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Supervisor's Tip of the Week: Authentic Relationships or Stop Managing and Start Consulting

I mentioned in last week’s tip of the week how much I admired Peter Block (I was glad to see that Slacker Manager agrees with my assessment of Block). I’ve read most of Block’s books, including the most recent The Answer to How is Yes (which while less practical than his other titles, is probably his most important book). If you ever get the chance, attend a conference where he’s speaking – he’s got a very unique perspective on life that really comes through in his presentations (especially smaller-group breakout sessions).

I strongly urge new supervisors and managers to pick up Peter’s book Flawless Consulting. I consider it a must-read. This may seem like a strange recommendation; “I’m a supervisor, what the heck do I need to know about being a consultant?” The reason can be found in Block’s definition of consulting

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Open Source Unions

I love this idea. It is an “open source” guide to creating campaign literature (flyers, newspapers, etc.) for union and community organizers. The core guide is already written and is free to anyone who wants to download it. That is cool, but it is not the brilliant part of the idea. The guide is going to be free to edit by anyone who wants to contribute. That is the truly “open source” aspect of the project (most bloggers I assume will know what open source means – it comes from the open source software movement (Unux is the best example), where the code is publicly available and editable by anyone who wishes to contribute). I have hosted what I call the open source HR department for a few years now, but my technology is terrible – I have decided after reading this article to move the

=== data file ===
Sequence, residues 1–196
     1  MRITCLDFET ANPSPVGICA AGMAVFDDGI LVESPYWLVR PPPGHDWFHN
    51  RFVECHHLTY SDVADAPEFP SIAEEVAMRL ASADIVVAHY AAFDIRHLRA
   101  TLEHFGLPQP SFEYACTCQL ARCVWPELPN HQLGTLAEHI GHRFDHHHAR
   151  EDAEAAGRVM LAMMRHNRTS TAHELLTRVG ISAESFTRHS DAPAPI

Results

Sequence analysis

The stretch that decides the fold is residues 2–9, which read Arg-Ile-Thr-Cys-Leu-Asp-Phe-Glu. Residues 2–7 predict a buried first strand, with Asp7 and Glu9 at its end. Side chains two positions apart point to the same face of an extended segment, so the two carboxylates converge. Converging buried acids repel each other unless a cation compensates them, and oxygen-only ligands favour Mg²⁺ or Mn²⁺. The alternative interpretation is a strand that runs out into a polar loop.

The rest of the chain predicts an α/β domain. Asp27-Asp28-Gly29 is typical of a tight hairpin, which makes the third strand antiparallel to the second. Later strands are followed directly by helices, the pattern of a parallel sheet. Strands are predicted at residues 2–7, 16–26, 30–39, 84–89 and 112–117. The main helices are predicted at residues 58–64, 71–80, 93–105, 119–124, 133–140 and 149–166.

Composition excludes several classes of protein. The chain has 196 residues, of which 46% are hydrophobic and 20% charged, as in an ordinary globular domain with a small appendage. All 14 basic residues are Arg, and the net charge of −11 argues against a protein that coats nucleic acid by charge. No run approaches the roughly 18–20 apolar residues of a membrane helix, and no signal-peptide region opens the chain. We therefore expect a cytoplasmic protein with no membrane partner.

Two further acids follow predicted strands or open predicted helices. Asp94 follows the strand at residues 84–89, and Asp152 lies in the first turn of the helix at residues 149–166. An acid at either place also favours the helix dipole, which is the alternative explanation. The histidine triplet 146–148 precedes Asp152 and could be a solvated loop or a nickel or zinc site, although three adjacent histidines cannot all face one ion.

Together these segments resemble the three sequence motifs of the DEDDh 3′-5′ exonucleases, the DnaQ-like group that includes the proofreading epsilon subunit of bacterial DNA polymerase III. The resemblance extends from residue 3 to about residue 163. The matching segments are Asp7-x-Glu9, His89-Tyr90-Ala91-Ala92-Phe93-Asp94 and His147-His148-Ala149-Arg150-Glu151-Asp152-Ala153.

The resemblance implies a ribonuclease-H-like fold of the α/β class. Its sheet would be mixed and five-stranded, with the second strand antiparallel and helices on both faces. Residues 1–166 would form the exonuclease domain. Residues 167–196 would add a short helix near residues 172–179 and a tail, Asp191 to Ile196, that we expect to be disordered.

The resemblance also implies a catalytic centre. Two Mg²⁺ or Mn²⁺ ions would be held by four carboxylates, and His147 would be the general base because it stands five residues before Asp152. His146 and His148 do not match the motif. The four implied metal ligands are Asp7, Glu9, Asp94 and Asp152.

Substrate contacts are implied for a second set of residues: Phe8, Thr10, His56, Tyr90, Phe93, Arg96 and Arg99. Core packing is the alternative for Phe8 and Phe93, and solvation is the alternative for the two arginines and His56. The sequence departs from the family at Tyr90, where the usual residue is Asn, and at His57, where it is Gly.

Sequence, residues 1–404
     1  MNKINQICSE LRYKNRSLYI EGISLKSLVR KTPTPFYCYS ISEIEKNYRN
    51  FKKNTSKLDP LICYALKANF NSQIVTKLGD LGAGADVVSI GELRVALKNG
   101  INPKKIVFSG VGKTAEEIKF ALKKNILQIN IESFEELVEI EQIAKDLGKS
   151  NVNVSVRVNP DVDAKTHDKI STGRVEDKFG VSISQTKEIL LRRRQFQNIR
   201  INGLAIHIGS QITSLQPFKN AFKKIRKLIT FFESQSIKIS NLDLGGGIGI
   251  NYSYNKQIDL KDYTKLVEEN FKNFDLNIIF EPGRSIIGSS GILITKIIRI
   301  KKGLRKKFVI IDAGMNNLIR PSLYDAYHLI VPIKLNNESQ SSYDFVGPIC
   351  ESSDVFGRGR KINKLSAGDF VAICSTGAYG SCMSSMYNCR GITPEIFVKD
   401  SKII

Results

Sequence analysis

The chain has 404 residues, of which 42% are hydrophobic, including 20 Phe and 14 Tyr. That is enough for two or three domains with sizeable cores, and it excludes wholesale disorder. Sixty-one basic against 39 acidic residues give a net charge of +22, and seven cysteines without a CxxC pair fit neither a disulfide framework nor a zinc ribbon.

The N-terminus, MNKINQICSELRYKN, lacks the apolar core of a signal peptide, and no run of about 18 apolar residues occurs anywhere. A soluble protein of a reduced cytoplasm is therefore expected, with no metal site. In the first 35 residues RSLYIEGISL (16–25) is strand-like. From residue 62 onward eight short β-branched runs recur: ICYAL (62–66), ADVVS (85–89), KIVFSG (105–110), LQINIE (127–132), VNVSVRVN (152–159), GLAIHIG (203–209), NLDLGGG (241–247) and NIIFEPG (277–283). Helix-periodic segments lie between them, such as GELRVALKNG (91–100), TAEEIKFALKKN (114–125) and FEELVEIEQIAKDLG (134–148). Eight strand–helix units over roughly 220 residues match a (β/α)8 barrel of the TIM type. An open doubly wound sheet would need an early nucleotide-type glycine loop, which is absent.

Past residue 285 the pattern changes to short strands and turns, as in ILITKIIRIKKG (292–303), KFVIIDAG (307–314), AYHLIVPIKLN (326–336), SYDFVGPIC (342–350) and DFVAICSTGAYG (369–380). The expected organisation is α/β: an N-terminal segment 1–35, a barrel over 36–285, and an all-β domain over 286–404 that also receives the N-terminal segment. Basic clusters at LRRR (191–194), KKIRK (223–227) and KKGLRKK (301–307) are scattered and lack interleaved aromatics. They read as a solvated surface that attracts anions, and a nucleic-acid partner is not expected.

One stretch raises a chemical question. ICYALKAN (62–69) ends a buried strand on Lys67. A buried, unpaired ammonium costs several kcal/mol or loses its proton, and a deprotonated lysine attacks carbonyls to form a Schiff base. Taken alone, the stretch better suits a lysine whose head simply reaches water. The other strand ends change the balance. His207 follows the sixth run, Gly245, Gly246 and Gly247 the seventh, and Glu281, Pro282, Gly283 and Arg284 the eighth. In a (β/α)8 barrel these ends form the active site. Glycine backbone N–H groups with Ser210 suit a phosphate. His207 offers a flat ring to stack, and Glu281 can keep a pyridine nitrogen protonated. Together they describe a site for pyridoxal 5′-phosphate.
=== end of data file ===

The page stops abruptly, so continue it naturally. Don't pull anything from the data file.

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Supervisor's Tip of the Week - Three questions you should ask those you lead

It is often repeated that nobody cares how much you know until they know how much you care. This is definitely true for managers. Being a good manager is challenging, especially in today’s high-pressure business environment. We ask our people (including managers) to do more and more, often with fewer resources. Even when new resources are added, it usually means additional job tasks and responsibilities. Add to this the increased demands for time outside of work and it is easy to see how managers (and their employees) can get overwhelmed.